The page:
To many, that offer may seem reasonable. Artists are given the canvases on which to create by a local sponsor so is it really all their donation? The event is after all for the venue’s or cause’s benefit, the organizers want a crowd of paying customers who’ll buy art, not a bunch of artists milling about drinking wine, eating hors d’oeuvres and hoping for attention. If I don’t want to be at the opening, well, they might not sell my work. No one will be out.
          To me, that’s not only unfair, it’s disrespectful.
          Do I or don’t I donate anyway? It’s a fundraiser for an art centre, a place that supports the visual arts. It has always been my policy to support such places in any way I can.
          Hmmm. No. I’m thinking it’s time I let others who might not feel insulted participate. As a practicing, professional artist, I am statistically among the lowest earning, least supported individuals in this society, no matter how much education and training I have, no matter how much work I do, and no matter how much I donate. I happen to be one who has many, many ways to contribute to my society in general and to the arts and artists in particular. Constantly being asked to donate my artwork should not be one of them.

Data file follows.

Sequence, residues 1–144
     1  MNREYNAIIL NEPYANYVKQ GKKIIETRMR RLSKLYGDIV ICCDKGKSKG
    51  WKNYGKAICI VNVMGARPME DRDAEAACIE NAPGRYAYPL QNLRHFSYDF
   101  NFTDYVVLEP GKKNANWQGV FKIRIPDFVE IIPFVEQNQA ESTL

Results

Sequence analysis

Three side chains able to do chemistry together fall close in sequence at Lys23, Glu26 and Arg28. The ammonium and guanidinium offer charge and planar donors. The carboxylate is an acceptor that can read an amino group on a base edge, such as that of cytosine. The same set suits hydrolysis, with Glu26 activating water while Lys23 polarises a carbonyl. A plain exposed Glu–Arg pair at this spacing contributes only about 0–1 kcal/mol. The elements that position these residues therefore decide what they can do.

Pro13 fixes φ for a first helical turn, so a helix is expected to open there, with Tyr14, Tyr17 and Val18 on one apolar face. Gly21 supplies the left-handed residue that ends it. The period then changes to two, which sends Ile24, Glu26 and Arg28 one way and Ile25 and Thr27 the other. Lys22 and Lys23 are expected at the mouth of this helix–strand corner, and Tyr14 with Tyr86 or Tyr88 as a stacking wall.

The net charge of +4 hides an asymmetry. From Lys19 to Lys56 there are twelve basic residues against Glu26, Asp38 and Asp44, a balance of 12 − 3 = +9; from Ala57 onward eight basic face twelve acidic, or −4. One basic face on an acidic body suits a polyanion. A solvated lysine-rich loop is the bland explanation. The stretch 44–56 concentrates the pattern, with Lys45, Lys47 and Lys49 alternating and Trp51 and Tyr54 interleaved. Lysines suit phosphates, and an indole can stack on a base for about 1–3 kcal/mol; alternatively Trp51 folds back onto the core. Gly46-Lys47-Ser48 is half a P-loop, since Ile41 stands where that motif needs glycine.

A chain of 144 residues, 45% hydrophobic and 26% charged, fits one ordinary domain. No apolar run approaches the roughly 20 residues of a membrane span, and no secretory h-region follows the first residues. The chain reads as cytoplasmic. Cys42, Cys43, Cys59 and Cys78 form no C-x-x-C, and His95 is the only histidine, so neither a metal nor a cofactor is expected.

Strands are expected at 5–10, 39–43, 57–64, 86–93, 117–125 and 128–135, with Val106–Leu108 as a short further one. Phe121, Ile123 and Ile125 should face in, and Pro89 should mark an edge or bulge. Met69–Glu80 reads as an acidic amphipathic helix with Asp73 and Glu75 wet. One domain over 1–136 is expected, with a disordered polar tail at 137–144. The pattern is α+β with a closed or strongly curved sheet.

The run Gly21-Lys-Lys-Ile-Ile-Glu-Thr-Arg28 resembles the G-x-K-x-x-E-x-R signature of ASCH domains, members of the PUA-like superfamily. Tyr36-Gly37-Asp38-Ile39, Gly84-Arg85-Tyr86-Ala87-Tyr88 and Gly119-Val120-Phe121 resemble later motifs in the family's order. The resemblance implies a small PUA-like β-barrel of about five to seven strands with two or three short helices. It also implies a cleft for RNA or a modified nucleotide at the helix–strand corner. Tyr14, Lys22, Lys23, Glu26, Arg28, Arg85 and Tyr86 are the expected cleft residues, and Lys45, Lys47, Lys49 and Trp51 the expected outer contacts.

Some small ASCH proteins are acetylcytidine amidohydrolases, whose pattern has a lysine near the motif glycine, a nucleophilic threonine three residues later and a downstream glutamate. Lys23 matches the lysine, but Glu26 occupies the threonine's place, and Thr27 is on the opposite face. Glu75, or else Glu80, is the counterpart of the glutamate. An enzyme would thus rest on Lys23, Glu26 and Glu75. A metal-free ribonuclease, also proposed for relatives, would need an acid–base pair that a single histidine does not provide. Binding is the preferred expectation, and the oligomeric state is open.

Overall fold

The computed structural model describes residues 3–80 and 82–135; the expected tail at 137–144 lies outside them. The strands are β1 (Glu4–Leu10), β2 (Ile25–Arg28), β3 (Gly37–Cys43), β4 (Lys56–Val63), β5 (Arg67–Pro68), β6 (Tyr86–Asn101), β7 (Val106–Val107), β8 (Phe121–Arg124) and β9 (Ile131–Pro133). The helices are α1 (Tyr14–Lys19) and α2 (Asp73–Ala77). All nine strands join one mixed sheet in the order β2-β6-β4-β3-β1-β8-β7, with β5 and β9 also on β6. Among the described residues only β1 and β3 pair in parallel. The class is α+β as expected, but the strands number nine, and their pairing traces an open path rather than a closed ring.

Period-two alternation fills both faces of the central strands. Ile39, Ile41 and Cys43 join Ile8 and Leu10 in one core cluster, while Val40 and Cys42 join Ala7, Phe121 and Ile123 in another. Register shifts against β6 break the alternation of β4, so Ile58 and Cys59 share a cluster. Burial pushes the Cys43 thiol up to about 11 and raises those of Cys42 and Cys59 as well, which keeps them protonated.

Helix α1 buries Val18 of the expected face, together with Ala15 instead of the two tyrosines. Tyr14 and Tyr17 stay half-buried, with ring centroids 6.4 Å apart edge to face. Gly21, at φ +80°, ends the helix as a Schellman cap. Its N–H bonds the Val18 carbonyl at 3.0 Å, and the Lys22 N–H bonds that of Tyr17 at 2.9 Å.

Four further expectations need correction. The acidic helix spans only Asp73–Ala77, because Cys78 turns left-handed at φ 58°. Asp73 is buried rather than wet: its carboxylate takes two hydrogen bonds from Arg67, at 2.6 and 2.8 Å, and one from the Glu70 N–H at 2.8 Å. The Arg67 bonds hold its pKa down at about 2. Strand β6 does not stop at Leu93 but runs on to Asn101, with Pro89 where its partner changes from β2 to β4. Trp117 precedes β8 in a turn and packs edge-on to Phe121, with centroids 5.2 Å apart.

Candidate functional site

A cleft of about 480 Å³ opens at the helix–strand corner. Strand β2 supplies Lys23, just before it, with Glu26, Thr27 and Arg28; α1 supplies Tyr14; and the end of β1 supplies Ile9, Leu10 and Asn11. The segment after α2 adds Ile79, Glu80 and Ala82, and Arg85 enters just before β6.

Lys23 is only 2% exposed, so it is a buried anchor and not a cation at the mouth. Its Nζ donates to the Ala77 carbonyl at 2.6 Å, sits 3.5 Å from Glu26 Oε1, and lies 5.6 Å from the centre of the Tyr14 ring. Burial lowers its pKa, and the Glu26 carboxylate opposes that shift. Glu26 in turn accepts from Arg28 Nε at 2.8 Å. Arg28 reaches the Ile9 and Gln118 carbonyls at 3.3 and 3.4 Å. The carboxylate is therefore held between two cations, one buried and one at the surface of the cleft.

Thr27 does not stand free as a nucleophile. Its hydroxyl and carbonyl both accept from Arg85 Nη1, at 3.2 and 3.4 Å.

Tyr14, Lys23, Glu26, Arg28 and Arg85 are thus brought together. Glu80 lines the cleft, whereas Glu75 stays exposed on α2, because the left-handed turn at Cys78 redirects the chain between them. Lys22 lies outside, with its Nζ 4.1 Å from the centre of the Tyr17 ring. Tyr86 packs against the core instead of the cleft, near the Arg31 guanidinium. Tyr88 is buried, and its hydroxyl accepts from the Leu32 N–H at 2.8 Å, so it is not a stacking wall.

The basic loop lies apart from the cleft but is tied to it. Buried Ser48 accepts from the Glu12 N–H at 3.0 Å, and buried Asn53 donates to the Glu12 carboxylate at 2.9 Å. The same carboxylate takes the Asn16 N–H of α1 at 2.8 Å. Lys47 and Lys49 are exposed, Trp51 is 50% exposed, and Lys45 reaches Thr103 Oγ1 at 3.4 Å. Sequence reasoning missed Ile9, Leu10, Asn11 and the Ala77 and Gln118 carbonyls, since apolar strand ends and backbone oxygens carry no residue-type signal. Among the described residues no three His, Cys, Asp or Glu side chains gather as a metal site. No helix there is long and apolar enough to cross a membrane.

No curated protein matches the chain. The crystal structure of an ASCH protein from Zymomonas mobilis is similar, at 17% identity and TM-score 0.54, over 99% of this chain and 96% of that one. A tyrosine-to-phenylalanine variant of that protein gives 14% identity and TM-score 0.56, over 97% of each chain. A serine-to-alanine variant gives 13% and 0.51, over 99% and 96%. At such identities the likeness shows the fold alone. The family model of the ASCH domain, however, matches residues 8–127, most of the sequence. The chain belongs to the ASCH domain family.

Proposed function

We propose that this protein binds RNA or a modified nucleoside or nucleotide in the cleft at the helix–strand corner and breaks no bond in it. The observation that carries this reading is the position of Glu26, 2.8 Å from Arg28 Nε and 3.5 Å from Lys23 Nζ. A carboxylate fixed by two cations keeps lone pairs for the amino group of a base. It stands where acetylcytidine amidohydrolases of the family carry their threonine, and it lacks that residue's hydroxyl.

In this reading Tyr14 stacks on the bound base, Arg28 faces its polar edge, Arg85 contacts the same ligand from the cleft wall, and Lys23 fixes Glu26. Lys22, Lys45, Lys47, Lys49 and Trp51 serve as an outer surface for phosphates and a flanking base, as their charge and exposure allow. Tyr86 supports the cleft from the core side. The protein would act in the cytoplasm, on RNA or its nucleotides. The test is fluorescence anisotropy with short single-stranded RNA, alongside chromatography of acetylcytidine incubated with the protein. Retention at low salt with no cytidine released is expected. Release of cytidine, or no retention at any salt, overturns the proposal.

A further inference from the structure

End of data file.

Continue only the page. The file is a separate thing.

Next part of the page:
So, what are my thoughts when artists ask me in my teacher or curator role  if they should donate work? These:
-                 Don’t be tempted by possibilities
-                 Make sure the venue, event or cause is one you believe in and can honestly support.
-                 Expect to be present and visible, don’t abandon your claim to your work.
-                 Remember that exposure, contacts, recognition, established sales prices, fair commissions, and       tax receipts are reasonable things to expect.
-                 Most importantly, evaluate just how much respect you and your work will be accorded.
          You are NOT being indulged, favoured or privileged. YOU are doing the good deed.